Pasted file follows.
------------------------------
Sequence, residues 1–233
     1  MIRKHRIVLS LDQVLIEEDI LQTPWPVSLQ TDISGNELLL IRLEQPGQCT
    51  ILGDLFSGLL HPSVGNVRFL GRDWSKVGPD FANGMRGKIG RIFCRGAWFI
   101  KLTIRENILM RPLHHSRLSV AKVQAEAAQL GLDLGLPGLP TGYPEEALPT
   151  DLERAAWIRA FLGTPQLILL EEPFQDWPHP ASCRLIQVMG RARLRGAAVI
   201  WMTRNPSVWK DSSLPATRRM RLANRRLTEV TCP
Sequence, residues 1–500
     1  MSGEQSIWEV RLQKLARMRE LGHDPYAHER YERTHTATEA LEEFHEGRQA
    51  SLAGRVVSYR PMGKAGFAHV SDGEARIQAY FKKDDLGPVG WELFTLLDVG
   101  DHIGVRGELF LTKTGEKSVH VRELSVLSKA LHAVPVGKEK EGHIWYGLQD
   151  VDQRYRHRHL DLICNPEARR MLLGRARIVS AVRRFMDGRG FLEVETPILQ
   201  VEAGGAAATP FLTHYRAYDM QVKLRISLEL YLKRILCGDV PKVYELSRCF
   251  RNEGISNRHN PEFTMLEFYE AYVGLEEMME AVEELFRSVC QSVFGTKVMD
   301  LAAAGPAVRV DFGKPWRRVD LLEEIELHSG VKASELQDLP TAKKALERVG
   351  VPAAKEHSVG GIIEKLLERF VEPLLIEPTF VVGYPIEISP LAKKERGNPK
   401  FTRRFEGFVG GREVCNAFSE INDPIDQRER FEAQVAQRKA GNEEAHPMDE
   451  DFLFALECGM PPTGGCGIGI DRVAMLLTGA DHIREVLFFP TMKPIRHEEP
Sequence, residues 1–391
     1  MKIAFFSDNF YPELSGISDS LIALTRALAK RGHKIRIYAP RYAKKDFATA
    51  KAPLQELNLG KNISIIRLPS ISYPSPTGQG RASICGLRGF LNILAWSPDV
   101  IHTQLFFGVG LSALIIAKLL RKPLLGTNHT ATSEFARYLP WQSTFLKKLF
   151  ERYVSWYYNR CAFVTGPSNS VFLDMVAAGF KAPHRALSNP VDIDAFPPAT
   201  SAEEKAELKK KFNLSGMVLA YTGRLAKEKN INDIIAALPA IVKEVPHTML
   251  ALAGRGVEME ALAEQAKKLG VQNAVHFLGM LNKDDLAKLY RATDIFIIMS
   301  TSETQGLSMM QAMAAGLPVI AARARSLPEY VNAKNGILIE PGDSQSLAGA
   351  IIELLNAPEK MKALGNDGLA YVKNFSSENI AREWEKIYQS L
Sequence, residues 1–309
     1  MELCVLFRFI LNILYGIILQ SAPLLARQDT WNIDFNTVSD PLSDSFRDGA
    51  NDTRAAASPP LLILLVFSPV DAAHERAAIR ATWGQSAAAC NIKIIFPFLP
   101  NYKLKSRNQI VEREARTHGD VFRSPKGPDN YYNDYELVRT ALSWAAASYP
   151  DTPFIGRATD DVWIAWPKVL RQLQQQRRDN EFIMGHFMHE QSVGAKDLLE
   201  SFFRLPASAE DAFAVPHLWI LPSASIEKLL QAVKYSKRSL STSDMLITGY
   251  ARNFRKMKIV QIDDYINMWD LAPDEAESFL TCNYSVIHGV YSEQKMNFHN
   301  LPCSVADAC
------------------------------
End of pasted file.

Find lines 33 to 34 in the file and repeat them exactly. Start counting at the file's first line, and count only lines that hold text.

   251  ARNFRKMKIV QIDDYINMWD LAPDEAESFL TCNYSVIHGV YSEQKMNFHN
   301  LPCSVADAC